December 8: Atari's James Copland, John Skruch, and Bryan Kerr participated in the Children's Holiday Celebration, a fund raising event for the Scholarship Fund of the Children's Health Council (CHC).  Atari loaned 24 800XL computers to the event's coordinators.  The systems were then rented to participants, proceeds to the Scholarship Fund.  Two of the 800XLs and 1,000 T-shirts were donated by Atari to the organization.

December 20: Atari announced the permanent shutdown of its manufacturing plant in Limerick, Ireland.  About 250 workers lost their jobs.  Atari chairman Jack Tramiel said Atari now was hoping to build a new, automated plant in Europe. In the meantime, European production would be shifted to Atari's plant in Taiwan. (SJMNews 12/22)   Atari Ireland Manufacturing Company Limited (Ennis Road, Limerick), Atari Ireland Distribution Company Limited (Ballysimon Road, Limerick), and Atari Corp. (Ireland) Limited would all be shut down.

December 22: Atari had laid off between 30 and 40 workers at its Sunnyvale headquarters, and was in the process of closing its main headquarters building, one of two remaining facilities in Sunnyvale.  The cut positions were mostly in management information services.  Atari now had a local staff of less than 300.  James J. Copland remained Atari "U.S." Corp. VP marketing. (SJMNews)  Corporate offices would be consolidated at 1196 Borregas Ave. (46,000 square feet), and Atari would vacate the moderately larger 1265 Borregas Ave. building.

1985
January 1: In France at P.E.C.F. Atari, Peter Brookhouse Richards, previously financial controller (CFO), became interim general manager, replacing Guy Millant, who departed the company along with 14 others, including former P.E.C.F. Atari sales manager Antoine Gallozzi to establish Galaxie, a consumer and professional computer product distributor. (source; source; source)

January 5-8: At the International Winter Consumer Electronics Show (CES) in Las Vegas, under the banner 'Power Without the Price' Atari introduced the 520ST computer ($599), the 130ST computer ($399; never shipped), the 130XE computer ($149), the 65XE computer ($99), and the 65XEP computer ($399; never shipped), announced the 65XEM computer ($149; never shipped), and featured the 2600 (2600A series; source).  Atari also privately announced a 260ST computer ($499) to some reporters.  ST computers were to run Atari TOS (including CP/M-68K and GEM Desktop, both by Digital Research) included on ROM; ROM was also to include either Atari Logo (Atari/Digital Research) or Atari BASIC (by MetaComCo for Atari; would ship as: ST BASIC) (final Logo vs. BASIC decision to be determined later).  For the ST Atari introduced: STM1 mouse, SM124 High-Resolution Monochrome Monitor, SC1224 color monitor, SF354 3.5" MicroFloppy disk drive (500K double-sided; would ship as: 360K), SF324 3.5" MicroFloppy disk drive (250K single-sided; never shipped), STC504 printer (never shipped), SMM804 printer, SDM124 printer (never shipped).  Also for the ST, Atari announced the SH104 10MB hard disk drive ($599; never shipped), and privately announced the SH317 15MB hard disk drive ($399; never shipped) to some reporters.  ST software announced: Infinity (by Matrix Software; never shipped).  The in/out MIDI ports on the ST computers were demonstrated driving the new Casio CZ-101 $499 synthesizer.  The XE computers would run the Atari OS as found in the Atari 800XL which would now be phased out.  For the XE Atari previewed/announced: XC1411 monitor (never shipped), XM128 monitor (never shipped), XF521 5.25" disk drive (130KiB; never shipped) with DOS 2.5, XTM201 printer (never shipped), XTC201 printer (never shipped), XMM801 printer, XDM121 printer, XM301 modem.  New software by Atari for the XE would include: Infinity (by Matrix Software; never shipped), Silent Butler (by Atari/Silent Butler Software), Shopkeeper (never shipped), AtariWriter Plus, Song Painter (by Atari/Carousel Software; would ship as: Music Painter), Atari Tutorial (never shipped), and several titles previously introduced by Atari, Inc.: The Learning Phone (access software for the PLATO Homelink Service), Proofreader, Crystal Castles, Mario Bros.  Also featured for the XE: AtariLab Light Module, Sky Writer, Millipede, Moon Patrol, Track & Field, Final Legacy.  Bryan Kerr was marketing manager and user group liaison.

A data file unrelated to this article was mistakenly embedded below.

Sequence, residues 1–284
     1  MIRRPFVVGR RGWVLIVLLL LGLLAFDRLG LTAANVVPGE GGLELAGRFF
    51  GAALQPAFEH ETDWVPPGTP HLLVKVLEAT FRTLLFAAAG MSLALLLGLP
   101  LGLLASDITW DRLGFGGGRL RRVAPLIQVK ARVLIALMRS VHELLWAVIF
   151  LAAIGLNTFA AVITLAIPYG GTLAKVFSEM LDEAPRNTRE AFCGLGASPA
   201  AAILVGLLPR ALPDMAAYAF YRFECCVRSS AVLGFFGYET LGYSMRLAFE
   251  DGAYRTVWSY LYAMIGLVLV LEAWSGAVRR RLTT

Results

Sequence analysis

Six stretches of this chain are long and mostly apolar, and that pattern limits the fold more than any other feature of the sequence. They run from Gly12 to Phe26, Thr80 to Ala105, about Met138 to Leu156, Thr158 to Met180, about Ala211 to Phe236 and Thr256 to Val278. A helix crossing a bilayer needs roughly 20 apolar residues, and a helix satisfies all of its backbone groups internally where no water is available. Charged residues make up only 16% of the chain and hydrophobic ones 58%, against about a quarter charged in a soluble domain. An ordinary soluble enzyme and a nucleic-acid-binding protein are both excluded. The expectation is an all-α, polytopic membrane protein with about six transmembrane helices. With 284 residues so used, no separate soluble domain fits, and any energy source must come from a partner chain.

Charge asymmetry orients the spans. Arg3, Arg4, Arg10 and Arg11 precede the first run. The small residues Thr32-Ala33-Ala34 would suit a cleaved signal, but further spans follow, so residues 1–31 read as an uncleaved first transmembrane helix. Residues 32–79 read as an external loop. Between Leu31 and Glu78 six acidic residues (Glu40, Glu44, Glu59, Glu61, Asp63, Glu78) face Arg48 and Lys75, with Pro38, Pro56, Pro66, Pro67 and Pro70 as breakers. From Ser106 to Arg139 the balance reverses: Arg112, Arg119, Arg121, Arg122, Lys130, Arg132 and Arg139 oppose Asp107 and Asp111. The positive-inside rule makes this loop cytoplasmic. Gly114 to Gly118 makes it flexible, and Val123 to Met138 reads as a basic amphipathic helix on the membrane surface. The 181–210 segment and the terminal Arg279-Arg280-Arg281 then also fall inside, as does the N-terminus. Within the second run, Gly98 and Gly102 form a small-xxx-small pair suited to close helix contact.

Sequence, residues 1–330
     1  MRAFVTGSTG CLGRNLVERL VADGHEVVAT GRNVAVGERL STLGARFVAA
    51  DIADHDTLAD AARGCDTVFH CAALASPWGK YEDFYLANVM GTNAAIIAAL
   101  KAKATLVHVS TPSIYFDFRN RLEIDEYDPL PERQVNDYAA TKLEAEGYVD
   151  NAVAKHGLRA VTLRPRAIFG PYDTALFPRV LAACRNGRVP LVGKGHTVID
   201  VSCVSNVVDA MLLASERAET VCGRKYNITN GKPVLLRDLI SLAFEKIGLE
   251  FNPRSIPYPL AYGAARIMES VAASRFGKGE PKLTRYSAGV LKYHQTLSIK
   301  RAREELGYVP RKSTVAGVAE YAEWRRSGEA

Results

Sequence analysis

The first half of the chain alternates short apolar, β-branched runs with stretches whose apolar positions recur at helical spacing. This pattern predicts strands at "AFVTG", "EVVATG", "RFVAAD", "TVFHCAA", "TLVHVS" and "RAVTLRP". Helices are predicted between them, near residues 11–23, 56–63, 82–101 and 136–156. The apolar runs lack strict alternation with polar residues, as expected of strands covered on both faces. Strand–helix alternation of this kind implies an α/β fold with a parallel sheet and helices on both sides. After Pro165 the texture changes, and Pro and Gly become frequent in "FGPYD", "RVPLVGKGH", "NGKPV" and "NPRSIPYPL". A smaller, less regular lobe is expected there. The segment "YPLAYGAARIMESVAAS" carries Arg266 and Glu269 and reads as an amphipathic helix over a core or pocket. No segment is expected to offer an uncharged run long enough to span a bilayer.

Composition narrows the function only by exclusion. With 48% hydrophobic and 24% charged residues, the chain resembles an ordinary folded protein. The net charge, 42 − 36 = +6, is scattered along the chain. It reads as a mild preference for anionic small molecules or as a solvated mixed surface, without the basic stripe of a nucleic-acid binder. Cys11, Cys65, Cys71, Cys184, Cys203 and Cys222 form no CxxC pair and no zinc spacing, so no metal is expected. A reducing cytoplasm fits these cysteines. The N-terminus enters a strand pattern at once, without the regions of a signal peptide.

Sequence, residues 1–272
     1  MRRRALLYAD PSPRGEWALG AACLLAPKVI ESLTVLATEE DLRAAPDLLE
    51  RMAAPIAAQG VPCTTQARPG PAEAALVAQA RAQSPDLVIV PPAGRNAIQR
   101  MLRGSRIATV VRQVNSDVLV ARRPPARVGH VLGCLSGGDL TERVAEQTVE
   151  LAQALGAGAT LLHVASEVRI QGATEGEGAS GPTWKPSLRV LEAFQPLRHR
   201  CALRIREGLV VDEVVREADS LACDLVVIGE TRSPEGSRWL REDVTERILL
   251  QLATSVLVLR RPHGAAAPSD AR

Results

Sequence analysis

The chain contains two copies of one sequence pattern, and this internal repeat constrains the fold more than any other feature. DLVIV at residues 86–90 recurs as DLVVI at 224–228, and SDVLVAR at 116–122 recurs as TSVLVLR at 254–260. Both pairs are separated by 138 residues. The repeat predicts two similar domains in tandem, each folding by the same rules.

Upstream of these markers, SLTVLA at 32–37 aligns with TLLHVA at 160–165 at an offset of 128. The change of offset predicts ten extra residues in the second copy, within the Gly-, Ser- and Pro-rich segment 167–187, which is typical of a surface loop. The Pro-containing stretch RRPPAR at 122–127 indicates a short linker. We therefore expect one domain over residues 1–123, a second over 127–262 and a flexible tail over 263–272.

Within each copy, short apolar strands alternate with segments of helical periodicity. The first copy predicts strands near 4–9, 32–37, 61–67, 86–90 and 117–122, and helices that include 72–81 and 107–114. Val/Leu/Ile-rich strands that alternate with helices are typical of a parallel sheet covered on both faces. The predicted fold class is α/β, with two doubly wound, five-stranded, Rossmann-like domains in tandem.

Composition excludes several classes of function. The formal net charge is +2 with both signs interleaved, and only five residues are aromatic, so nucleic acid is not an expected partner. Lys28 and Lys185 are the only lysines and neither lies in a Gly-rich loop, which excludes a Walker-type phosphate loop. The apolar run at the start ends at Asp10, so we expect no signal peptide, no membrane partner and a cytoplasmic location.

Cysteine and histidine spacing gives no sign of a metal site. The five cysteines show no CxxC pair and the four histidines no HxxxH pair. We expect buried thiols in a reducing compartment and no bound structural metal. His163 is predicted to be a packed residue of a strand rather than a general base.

Atari, Corp. had five international subsidiaries, headquartered in West Germany, France, Italy, the U.K., and Holland, represented at the show.  In West Germany, Irma Obersteiner was business manager for Atari Corp. (Deutschland) GmbH.  Massimo Ruosi was Atari European general manager.  Claude Nahum was director of Atari's international distribution (sales). (Atari Explorer Apr/May85p69)   

January 7: Warner Communications reportedly had paid off Alan Alda's $10-million spokescontract, which expired in 1988, for Atari. (AdWeek 1/7/85)

January: Ian Kennedy joined Atari (Canada) Corp. as director of sales and marketing; Nicholas Lefevre remained general manager. (source)

January 30: In the Netherlands, Atari, Corp. established Atari (Benelux) B.V. which would take over the business of Atari International (Benelux) B.V. (the Warner Communications Inc. subsidiary), including the headquarters location at Atoomweg 480, 3542 AB Utrecht. (sourceSeveral former employees of Atari International (Benelux) B.V. would be hired by the new Atari (Benelux) B.V., including Ruud Van Nispen as operations manager, Pieter Norp as financial controller, and W.P. (Wilfried) de Graaf as sales and marketing manager.